Coastal Cupboard and Georgetown’s Kudzu Mercantile were among the first local businesses to carry CC products. Kudzu had long pined for a locally made brand to sell alongside Boos brand boards. Boos is the leading brand of boards in the country; they are manufactured in the Midwest, and their products are featured on the Food Network.  How does a newer wood product compete with Boos? Sarah says they do not try to compete; CC is in a category of its own making--it is artisanal, and because each piece is custom-made by hand, there is little inventory to store. 


      Sarah says there's more to cutting boards and blocks than consumers might think. On the lower end are disposable plastic sheets and boards that are cheap, but frequently need replacing; on the higher end are bamboo and wood boards. Plastic is easily scratched; scratches create places for bacteria to build up. No amount of cleaning can renew the board. Since most boards are not recyclable, they end up in a landfill forever. Bamboo is very sustainable, and unlike plastic, it is biodegradable.  It has a brittle nature once it’s formed into a board, though, and this brittleness gradually dulls knives. Spending $75-200+ on knives and far less on a board, especially a board that could ruin knives, makes little long-term fiscal sense.


      Wood has been used in kitchens for ages, long before the 20th century introduced rival materials. Wood is anti-microbial, easy to clean, and long-lasting. Sarah says that a lot of people are suspicious of wood because they mistakenly believe it is ‘helping deplete forests around the world’.  This is not necessarily the case. Rainforest and other endangered wood types are ineligible to supply sustainable forestry groups and their associate businesses. Furthermore, sustainable forestry organizations, like the Forest Stewardship Council (FSC), require their wood suppliers to respect local laws, land ownership rights, indigenous peoples, wildlife, and local economies so that none of those parties are harmed by the cutting and sale of their wood. CC products are all FSC-certified. Certification does mean a slightly higher price tag; however, like Fair Trade coffees, this certification assures the consumer that they simultaneously serving the greater good and getting a high-quality, lasting product.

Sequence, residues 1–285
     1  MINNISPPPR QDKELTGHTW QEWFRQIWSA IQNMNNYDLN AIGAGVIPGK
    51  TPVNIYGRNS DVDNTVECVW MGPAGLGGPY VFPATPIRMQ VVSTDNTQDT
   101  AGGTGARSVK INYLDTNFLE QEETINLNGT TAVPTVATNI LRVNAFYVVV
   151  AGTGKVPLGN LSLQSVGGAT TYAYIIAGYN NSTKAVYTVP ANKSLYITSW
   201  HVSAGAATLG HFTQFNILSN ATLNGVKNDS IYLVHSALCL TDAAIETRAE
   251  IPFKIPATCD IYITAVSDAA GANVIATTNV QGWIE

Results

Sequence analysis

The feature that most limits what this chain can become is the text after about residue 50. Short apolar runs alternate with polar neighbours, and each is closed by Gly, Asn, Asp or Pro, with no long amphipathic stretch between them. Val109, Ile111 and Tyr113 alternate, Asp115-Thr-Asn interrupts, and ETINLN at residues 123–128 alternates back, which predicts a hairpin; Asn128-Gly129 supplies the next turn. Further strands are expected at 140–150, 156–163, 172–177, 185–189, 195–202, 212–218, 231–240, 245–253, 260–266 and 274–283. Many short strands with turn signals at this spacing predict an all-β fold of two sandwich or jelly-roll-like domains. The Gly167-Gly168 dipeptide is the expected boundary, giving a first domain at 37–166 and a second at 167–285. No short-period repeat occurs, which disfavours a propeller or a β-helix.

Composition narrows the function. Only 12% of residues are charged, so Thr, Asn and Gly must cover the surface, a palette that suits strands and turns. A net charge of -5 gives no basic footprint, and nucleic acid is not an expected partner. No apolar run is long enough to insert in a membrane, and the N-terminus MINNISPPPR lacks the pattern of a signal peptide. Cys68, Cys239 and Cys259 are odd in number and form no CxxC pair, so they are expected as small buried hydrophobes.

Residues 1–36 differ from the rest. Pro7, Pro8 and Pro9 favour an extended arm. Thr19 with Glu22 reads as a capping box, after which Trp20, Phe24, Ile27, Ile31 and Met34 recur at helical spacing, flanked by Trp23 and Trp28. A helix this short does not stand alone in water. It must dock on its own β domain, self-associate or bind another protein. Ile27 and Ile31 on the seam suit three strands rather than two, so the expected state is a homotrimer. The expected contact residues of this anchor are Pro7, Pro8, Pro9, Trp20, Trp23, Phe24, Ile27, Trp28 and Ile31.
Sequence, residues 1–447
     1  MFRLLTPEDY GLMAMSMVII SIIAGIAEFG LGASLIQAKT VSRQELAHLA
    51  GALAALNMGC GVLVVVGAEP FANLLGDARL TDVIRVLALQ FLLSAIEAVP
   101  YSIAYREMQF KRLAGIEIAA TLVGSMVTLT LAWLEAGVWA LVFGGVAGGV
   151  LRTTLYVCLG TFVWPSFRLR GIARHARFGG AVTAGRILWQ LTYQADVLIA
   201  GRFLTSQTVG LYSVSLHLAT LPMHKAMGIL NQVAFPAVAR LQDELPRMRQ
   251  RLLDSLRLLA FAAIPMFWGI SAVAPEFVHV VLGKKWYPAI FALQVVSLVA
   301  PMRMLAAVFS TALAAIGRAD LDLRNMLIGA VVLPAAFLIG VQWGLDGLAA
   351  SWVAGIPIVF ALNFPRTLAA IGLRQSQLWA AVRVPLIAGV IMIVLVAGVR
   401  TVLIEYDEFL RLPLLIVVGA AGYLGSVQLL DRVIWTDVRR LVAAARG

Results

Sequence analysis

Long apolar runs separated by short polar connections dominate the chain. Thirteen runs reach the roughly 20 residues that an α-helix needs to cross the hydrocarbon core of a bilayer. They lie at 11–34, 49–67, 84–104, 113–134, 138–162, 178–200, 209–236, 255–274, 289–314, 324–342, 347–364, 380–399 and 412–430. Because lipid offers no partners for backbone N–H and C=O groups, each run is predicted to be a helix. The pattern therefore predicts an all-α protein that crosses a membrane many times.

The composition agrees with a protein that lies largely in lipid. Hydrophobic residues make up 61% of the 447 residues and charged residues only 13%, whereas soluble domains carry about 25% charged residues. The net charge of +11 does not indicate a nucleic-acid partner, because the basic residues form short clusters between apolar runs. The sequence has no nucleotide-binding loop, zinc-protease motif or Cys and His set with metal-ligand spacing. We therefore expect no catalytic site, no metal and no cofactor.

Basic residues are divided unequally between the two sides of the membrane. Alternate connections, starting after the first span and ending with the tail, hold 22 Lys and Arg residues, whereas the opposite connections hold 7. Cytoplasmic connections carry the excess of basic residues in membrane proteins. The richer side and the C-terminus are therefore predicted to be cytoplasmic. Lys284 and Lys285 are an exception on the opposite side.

CC will be at the Wragg Square Park Craftshow on May 25-27 as part of Piccolo Spoleto. This is CC’s first time at a Spoleto event, and they couldn’t be more excited. In March, they were part of the Wine and Food festival for the third straight year. They also appeared at the 2011 TASTE in Myrtle Beach, and 2010’s Wine Under the Oaks at Boone Hall. See charlestonchops.biz, or Charleston Chops on Facebook for new product offerings, product manufacturing videos, and future appearances. Their parent company, Charleston Woodworks, is available for Crown Moulding, Wood Molding, Custom Woodworking, Base Moulding, Furniture Cabinets, and Antique Furniture Restoration for businesses and homes. 


      CC is a chip off the old block, and a cut above the rest in today’s board and block market.

Kathleen Curry is a Lowcountry native an alumni of C of C, Carolina and Greenville Tech.  In addition to contributing to Eat This! , Curry has a blog at bakingkookys.com; she is on twitter @BakingKookys and @ Currying_Favor.